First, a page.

Soft skills are taking the spotlight in workplace learning.
The World Economic Forum (WEF) have predicted a significant rise in demand for soft skills by 2020. This means that soft skills such as problem-solving, cognitive abilities and social skills will be sought after, by up to a staggering 36% more.
This anticipated growth in skills demand can be linked to several factors, including new technologies such as Artificial Intelligence slowly taking over more technical roles, and the quickening pace of organisational change leading to a greater need for resilience and the ability to lead during times of uncertainty.
With less than two years to go, it’s likely you are already starting to notice a shift in demand for soft skills training in your organisation. In fact, according to LinkedIn’s Workplace Learning Report, training for soft skills is already the #1 priority for 2018.
And we think it’s about time.
Organisations able to perform in areas such as communication, collaboration and emotional intelligence are likely to experience two times the growth, profitability and success compared with organisations lacking in those areas.
Similarly, soft skills are what separate average performers from high performers. They are crucial for employees, managers, supervisors and leaders looking to improve performance and get to the next level in their careers.
Stanford Research Institute reported that 75% of long term job success depends upon soft skills mastery and only 25% on technical skills.
So, the fact that businesses are now starting to prioritise the soft skills development of their people, is a move in the right direction.
The soft skills that are REALLY in demand
Soft skills is sometimes used as a broad-brush in workplace learning - they combine people skills, social traits, attitudes and much more. It can be a bit overwhelming knowing and understanding which soft skills will benefit the business most, so I’ve dug a little deeper and found out the two soft skills businesses are most eager to get behind and why.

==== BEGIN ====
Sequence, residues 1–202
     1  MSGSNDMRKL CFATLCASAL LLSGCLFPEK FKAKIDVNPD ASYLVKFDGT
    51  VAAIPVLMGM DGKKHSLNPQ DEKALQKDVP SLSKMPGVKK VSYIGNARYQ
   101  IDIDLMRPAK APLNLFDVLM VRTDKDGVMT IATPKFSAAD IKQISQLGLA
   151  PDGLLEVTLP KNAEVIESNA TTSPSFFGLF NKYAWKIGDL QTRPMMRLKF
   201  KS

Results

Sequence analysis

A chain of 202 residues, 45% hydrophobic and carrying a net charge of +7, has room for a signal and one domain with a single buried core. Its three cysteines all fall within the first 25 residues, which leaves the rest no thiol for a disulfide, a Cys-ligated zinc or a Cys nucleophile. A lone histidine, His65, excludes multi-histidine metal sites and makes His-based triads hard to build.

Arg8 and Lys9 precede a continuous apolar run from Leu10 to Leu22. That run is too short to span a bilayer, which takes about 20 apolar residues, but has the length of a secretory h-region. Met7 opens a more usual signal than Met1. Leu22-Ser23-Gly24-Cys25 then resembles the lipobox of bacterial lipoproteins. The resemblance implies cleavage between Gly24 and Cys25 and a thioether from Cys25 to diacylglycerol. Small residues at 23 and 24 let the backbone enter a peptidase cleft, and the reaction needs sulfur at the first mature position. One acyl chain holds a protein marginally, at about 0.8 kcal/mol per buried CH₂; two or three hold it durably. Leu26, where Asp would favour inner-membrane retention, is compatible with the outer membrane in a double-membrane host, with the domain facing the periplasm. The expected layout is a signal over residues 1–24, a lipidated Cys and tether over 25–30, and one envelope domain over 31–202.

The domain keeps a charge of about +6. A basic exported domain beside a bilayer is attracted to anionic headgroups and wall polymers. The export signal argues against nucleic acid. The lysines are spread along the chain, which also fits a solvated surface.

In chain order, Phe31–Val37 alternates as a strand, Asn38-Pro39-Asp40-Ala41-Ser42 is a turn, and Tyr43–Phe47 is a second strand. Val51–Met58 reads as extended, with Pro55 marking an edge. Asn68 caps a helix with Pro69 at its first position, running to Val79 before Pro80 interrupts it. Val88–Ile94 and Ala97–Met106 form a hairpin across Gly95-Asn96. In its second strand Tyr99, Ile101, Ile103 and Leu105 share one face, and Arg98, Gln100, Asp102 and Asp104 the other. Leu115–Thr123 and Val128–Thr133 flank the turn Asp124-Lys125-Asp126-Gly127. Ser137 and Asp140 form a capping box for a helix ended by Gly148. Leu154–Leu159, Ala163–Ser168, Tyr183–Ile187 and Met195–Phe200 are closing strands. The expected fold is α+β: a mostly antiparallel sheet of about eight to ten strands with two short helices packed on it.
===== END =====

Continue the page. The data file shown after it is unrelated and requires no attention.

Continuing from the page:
According to LinkedIn, businesses are currently rating leadership as the #1 soft skill for employees to develop via an L&D programme. This doesn’t come as a surprise when you consider how quickly workplace leadership is changing.
Soon, the millennial generation will be the largest global working demographic, and many think their entrance into the workplace has caused a switch from authoritarian to inclusive leadership, calling for a change in how we approach leadership development.
In the last few years there’s also been a dramatic shift in what society expects from business leaders. Cambridge’s recent report ‘Rewiring leadership’ demonstrates how, in order to create a sustainable and successful future, businesses need to prioritise authentic, diverse and personal leadership development.
The nature of business leadership is starting to look very different, so it makes sense that businesses are keen to give their leaders the tools and skills they need to be successful.
Businesses rated communication as the second most important soft skill for employees to develop via an L&D programme.
Communication – good or bad – has a massive impact on the overall performance of a business. A recent study showed that 70% of the workforce is unengaged, and a lack of internal communications is a key reason why. Communication also has a massive impact on productivity - teams with good communication skills are on average 20-25% more productive.
And there might be another reason why communication skills have crept up to the #2 most important soft skill for businesses to develop.
Younger generations who have grown up with technology have had less opportunities to develop core soft skills such as communication or the ability to manage conflict, as they can develop a habit of prioritising digital communication and engagement above face-to-face interaction.
This means that a large part of the workforce has underdeveloped communications skills compared with previous generations. So, it’s no wonder businesses are prioritising developing the communication skills of their people!
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Now really is a great time for us in learning to address the soft skills gaps of our learners. Not only will this make sure our organisations are prepared to meet the change in skills demand, it will also future-proof businesses by creating a high performing workforce.
If you want to find out more, or if you aren't sure where to begin you might want to download out expert whitepaper Preparing for the rise of the soft skill.
Stephanie Morgan FLPI, Director of Learning Solutions, Bray Leino Learning
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